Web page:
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Discussion Starter · #1 ·
Hello everyone, do you guys know what is this? Maybe it's a safety valve? (Figure 1-A and figure 1-B). Because the pressure switcher has one way. I guess near this thing there was the pressure gauge of the tank once. I need to buy the gauges as well. The gauge of tank has a bigger scale, right? Like this:
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While the other pressure gaunge, for outcoming air (?), is smaller and has a smaller scale, right? Like this:
Gauge Measuring instrument Circle Motor vehicle Font

But fondamentally they do the same thing, I could also put two equal gauges, it will be the same, am I right?

Thanks in advance.
 

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Netrap,

I don't know but it looks like an adjustable safety release valve to prevent over pressure of the tank and catastrophic rupture. Modern safety valves usually have a pull ring and are preset for single or double stage compressors. The tank "working pressure, on a tag or stamped on the tank will tell you what pressure safety valve to buy. modern aftermarket manifolds come with one, for liability reasons I guess.
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Stephen
 

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Netrap,

Do not remove it unless you are going to replace it with another safety valve somewhere. It doesn't have to be in the same place but needs access to all of the tank pressure.

Stephen
 

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Discussion Starter · #4 ·
Hi Stevon, thanks for reply. I removed the paint that was covering the tag, so now I know the manufacture's name. GIANESI. There are also other informations stamped on the tank, and they are: B107 43 • 1 • 10 • 1968 • 12 I think B107 43 is the tank model, 1.10.1968 is the date (dd.mm.yyyy), and 12... I have no idea, maybe the pressure? 12 Bar? Isn't that too much? And other 5 numbers that I think it's the registration number.
I also think it's a safety valve, but on the moderns one there is a "ring" where you can put your finger inside and pull to release the air. But this one it can be pulled or pushed, is it possible that this is an automatic safety valve? There is a spring inside and I think it's possible to regulate it, maybe it's just like the pressure switch, when the tank reaches the same pressure at which the safety valve was set, it is automatically activated by releasing the air. I'm not an expert, just guessing, is this possible? Or maybe it's just stucked, but it looks fixed to me. Tomorrow I'll try to remove it and see how it works. So If I want to put a modern manual safety valve, assuming that that one is automatic, can I change my one way pressure switch with a four ways pressure switch? Mine is like this:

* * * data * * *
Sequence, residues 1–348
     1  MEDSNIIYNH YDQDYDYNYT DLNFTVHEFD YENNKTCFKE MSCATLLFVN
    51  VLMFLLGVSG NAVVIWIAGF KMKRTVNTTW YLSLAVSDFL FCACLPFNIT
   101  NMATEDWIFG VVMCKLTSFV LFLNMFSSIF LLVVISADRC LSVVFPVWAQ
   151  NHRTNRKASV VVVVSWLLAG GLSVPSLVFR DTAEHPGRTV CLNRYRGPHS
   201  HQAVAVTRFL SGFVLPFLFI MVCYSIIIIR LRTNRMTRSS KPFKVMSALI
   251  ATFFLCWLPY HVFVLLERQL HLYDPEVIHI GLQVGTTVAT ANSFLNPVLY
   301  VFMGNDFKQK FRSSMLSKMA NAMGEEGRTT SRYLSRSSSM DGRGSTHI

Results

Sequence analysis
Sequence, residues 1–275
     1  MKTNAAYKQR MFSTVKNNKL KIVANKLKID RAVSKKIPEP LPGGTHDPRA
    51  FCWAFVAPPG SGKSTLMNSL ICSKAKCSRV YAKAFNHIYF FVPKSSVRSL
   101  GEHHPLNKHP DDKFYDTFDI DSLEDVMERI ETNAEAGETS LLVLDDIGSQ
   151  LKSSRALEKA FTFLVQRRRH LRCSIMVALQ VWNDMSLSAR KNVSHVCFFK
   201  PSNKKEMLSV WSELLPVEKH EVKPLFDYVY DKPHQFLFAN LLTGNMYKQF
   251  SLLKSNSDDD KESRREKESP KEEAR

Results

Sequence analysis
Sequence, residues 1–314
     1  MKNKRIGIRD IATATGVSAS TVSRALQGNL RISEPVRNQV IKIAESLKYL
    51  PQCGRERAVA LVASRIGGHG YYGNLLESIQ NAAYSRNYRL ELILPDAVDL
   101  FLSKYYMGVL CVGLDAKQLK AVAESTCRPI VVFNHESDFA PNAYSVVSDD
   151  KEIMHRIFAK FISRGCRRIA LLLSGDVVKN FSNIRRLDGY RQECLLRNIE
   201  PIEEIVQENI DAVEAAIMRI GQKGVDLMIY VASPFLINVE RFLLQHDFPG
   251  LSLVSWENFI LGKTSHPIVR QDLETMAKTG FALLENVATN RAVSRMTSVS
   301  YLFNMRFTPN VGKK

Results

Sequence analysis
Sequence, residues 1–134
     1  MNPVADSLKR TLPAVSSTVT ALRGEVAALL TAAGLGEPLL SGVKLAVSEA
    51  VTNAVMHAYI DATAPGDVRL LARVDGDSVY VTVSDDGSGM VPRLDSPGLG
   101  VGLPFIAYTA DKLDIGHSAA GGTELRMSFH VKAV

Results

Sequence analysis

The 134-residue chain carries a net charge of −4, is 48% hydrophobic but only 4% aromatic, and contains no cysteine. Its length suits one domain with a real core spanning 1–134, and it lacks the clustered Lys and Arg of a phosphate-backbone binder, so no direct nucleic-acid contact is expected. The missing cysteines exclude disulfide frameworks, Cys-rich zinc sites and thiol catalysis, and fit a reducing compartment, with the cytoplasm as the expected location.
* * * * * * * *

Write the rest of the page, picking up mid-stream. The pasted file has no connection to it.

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Can I use this?
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If I will install this, do I have to remove the tank manometer mounted to the pressure switch, and put a screw instead? Or can I have both?

Thanks in advance.
 

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netrap,

You can have both. I don't know what those numbers stamped mean me being in the US, I know that 12 bar is equal to 175 psi so you would be safe with a safety valve of 150 to 175 psi, they come in standard ranges in the US for single stage compressor tanks (150 to 175 psi) and 200 psi for two stage compressor tanks. They never are used unless there is a motor control failure and tank is pumped up beyond the "safety" or "rated" value. You can install safety valve in the tank manifold or a bung on the tank. Single stage compressors generally only go up to 150 PSI max or 10.3 bar and they don't produce as much CFM at that high pressure.
Take the plugs out of the manifold and at least install the safety valve, a gauge is optional in another port.

Stephen

Hi Stevon, thanks for reply. I removed the paint that was covering the tag, so now I know the manufacture's name. GIANESI. There are also other informations stamped on the tank, and they are: B107 43 • 1 • 10 • 1968 • 12 I think B107 43 is the tank model, 1.10.1968 is the date (dd.mm.yyyy), and 12... I have no idea, maybe the pressure? 12 Bar? Isn't that too much? And other 5 numbers that I think it's the registration number.
I also think it's a safety valve, but on the moderns one there is a "ring" where you can put your finger inside and pull to release the air. But this one it can be pulled or pushed, is it possible that this is an automatic safety valve? There is a spring inside and I think it's possible to regulate it, maybe it's just like the pressure switch, when the tank reaches the same pressure at which the safety valve was set, it is automatically activated by releasing the air. I'm not an expert, just guessing, is this possible? Or maybe it's just stucked, but it looks fixed to me. Tomorrow I'll try to remove it and see how it works. So If I want to put a modern manual safety valve, assuming that that one is automatic, can I change my one way pressure switch with a four ways pressure switch? Mine is like this: View attachment 11676

Can I use this?
View attachment 11677
If I will install this, do I have to remove the tank manometer mounted to the pressure switch, and put a screw instead? Or can I have both?

Thanks in advance.
 

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Discussion Starter · #7 ·
Hi, thanks for the reply, I ordered the parts from Aliexpress, so I have to wait now, but I think I'll need your help with the electric engine cables' scheme. Thank you all.
 

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netrap,

You don't have to replace the pressure controller, just add the manifold part, they are cheap:


Stephen